The car trip to Provo and long and uneventful, and when we finally arrived at the dorms, I went in unto the elevator, rode up to the seventh floor and located my new residence, 704. The room was empty, no sign of the roommate or any of her stuff. Since New Student Orientation didn’t start for two more days, I wasn’t that concerned. I took over the west side of the room, since it had a slightly bigger desk, unpacked, and slept that night at my friend’s house in American Fork. The next few days were filled with the mundane and middle school-esque goings-on of New Student Orientation, and still no roommate. I talked about her with the members of my Y Group, and we wondered if Loralee Barratt would ever show up at all.
That evening, three green Tupperware cartons, a giant black suitcase, a sewing machine and a gigantic stereo arrived at our abode, accompanied by my tall, blond, and extremely cute roommate. This was a problem heretofore unperceived: that my roommate would be much more attractive than I, that I would feel repulsive in comparison and that boys would be nice to me only in an effort to get an “in” with my hot roommate. Again with the internal monologue of expletives, although since I was now in Utah, these words were more along the lines of “Oh my hecking freak of a shoot gosh darn hot roommate.” Still, I thought a civilized greeting would be the wisest course of action.
“Hello. You must be Loralee,” I smiled my most sincere fake smile, the one I usually reserve for applying for loans or asking favors at the Washington Department of Transportation.
“Oh.” Was her response. “I go by Lori.”
The wave of relief was decidedly physical. At least she had a nickname that wasn’t Loralee. There was still the matter of her hotness, but the fact of the matter was, all my perceptions of her had been based on her name, and now I had learned that it wasn’t even her name. Lori, I figured, would be much easier to deal with than Loralee.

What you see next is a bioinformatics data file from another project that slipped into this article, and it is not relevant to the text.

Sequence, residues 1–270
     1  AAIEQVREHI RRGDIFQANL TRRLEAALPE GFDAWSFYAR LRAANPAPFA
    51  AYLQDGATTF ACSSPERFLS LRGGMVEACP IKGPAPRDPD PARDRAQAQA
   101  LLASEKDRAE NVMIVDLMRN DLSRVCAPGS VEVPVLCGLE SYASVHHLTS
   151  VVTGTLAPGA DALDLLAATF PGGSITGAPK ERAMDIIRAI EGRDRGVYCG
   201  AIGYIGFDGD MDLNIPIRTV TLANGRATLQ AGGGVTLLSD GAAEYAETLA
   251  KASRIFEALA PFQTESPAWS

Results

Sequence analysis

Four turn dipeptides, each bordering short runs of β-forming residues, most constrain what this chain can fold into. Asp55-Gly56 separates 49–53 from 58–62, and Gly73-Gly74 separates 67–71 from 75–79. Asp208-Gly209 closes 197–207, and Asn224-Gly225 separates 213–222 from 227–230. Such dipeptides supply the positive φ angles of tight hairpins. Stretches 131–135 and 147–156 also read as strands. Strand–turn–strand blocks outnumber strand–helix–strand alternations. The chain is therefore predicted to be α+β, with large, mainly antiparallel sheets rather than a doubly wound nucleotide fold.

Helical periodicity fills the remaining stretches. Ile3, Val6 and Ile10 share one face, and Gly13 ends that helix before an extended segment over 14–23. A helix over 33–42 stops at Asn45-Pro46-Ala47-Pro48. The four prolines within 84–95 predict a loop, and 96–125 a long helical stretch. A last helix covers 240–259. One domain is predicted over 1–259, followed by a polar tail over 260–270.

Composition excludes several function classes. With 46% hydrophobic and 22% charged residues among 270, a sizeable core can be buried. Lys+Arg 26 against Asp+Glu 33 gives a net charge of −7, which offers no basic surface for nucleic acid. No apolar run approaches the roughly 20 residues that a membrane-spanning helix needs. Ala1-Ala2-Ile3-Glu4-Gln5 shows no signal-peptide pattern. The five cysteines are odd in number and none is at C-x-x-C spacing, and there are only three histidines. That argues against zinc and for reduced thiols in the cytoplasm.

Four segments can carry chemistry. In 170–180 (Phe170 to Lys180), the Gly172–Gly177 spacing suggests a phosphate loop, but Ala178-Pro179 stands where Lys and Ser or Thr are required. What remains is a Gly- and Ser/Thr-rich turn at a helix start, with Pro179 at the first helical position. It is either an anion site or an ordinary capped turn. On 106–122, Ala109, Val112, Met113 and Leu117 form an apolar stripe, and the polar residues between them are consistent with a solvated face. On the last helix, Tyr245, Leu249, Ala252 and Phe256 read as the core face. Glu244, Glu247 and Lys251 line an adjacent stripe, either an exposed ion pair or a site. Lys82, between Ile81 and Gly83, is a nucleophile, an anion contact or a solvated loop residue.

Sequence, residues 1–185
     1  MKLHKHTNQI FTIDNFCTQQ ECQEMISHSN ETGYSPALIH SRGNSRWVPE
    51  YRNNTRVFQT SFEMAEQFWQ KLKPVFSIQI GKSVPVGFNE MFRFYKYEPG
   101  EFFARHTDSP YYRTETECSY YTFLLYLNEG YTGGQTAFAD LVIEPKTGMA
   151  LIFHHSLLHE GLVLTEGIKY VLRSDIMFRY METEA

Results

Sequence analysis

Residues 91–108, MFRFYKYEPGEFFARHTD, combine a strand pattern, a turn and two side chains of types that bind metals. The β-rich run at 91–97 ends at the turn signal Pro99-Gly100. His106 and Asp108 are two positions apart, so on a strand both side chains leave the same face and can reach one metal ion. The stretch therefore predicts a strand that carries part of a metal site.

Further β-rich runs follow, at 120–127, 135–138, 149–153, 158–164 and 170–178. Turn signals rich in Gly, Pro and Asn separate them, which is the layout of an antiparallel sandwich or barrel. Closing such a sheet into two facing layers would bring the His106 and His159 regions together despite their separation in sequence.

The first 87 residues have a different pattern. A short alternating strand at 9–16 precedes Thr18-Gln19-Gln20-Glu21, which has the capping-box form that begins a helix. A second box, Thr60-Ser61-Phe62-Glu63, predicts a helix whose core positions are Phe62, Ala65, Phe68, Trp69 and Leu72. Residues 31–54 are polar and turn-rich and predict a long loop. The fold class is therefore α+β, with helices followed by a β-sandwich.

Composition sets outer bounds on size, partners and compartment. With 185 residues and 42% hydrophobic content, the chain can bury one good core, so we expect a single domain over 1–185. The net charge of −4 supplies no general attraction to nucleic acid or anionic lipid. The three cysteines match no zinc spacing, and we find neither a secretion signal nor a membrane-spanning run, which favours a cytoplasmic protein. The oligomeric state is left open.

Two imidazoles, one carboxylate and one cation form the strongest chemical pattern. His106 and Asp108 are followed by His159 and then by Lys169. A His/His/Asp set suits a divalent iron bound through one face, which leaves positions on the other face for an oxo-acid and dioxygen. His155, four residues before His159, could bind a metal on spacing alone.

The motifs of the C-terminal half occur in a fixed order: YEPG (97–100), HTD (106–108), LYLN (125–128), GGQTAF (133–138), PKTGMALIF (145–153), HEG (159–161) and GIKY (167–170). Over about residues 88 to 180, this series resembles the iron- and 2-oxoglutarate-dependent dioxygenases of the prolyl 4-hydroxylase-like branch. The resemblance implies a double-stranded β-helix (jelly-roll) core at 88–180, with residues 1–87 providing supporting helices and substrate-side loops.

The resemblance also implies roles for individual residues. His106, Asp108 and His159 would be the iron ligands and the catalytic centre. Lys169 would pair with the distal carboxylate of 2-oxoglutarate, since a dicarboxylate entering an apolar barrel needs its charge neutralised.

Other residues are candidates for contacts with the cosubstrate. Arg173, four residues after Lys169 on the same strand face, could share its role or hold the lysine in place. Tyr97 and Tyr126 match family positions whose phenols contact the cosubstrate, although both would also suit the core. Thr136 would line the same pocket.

I didn’t see my roommate much for the next few days, since she had friends from back home that took up most of her time, and also went out on dates that lasted until five o’clock in the morning. We proved to have multiple things in common, such as a preference for loud music (although she preferred hers much later than I) and a mutual affection for my belongings. The girl borrowed EVERYTHING, and it would have bothered me except that she was equally generous with her shoes, of which she had many. She even gave me a pair of sandals she didn’t want anymore. I never wear them, but that was nice.
Lori likes to say that our roommate relationship is based on lies and deceit. That is absolutely not true, which is in itself a huge lie, because for the first month or so of our living arrangement, I was scared of Lori. She seemed so cool, and I was intimidated by her, since I am decidedly not cool. Fortunately, I had some things that she didn’t, such a computer, and Dining Plus, and the ability to use the word “good” in proper context, so I was able to be of some use to her. Thus I was able to lull myself into believing that we were on somewhat even grounds, with her social know-how and my inherent knack for owning things.
To make a long story short, Lori and I have reached a Zen-like understanding. She confides in me about boys, and life, and I correct her grammar as she does so. Lori has improved my coolness quotient significantly by helping me in my effort to wear clothes that improve my “game,” as it were. She also plucks my eyebrows and teaches me how to break-dance. It’s strange how our relationship was blossomed into the beautiful entity that it is. We laugh with and at each other, and politics rarely surfaces in our conversations, not that Lori would get upset if it did. In short, my roommate is cool, and I like her, and I’m possibly living with her next year. Who woulda thunk that a Seattle Liberal and a Smokin’ hot Texan would end up getting along so well."